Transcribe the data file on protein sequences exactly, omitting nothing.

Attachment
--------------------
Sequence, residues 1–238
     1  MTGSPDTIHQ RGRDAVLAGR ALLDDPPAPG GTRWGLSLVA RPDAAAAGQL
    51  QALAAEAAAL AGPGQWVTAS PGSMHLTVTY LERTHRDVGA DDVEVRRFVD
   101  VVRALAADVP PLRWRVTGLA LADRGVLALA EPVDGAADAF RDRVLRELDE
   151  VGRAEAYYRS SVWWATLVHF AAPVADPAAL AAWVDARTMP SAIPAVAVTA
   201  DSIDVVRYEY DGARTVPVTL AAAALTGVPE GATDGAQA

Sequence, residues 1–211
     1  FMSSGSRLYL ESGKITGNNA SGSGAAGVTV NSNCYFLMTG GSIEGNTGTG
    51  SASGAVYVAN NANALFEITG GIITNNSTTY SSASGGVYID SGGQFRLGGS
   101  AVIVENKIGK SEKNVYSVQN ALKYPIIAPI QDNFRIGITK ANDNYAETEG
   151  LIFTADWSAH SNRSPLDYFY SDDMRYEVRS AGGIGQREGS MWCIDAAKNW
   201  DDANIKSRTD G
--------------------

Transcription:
Sequence, residues 1–238
     1  MTGSPDTIHQ RGRDAVLAGR ALLDDPPAPG GTRWGLSLVA RPDAAAAGQL
    51  QALAAEAAAL AGPGQWVTAS PGSMHLTVTY LERTHRDVGA DDVEVRRFVD
   101  VVRALAADVP PLRWRVTGLA LADRGVLALA EPVDGAADAF RDRVLRELDE
   151  VGRAEAYYRS SVWWATLVHF AAPVADPAAL AAWVDARTMP SAIPAVAVTA
   201  DSIDVVRYEY DGARTVPVTL AAAALTGVPE GATDGAQA

Sequence, residues 1–211
     1  FMSSGSRLYL ESGKITGNNA SGSGAAGVTV NSNCYFLMTG GSIEGNTGTG
    51  SASGAVYVAN NANALFEITG GIITNNSTTY SSASGGVYID SGGQFRLGGS
   101  AVIVENKIGK SEKNVYSVQN ALKYPIIAPI QDNFRIGITK ANDNYAETEG
   151  LIFTADWSAH SNRSPLDYFY SDDMRYEVRS AGGIGQREGS MWCIDAAKNW
   201  DDANIKSRTD G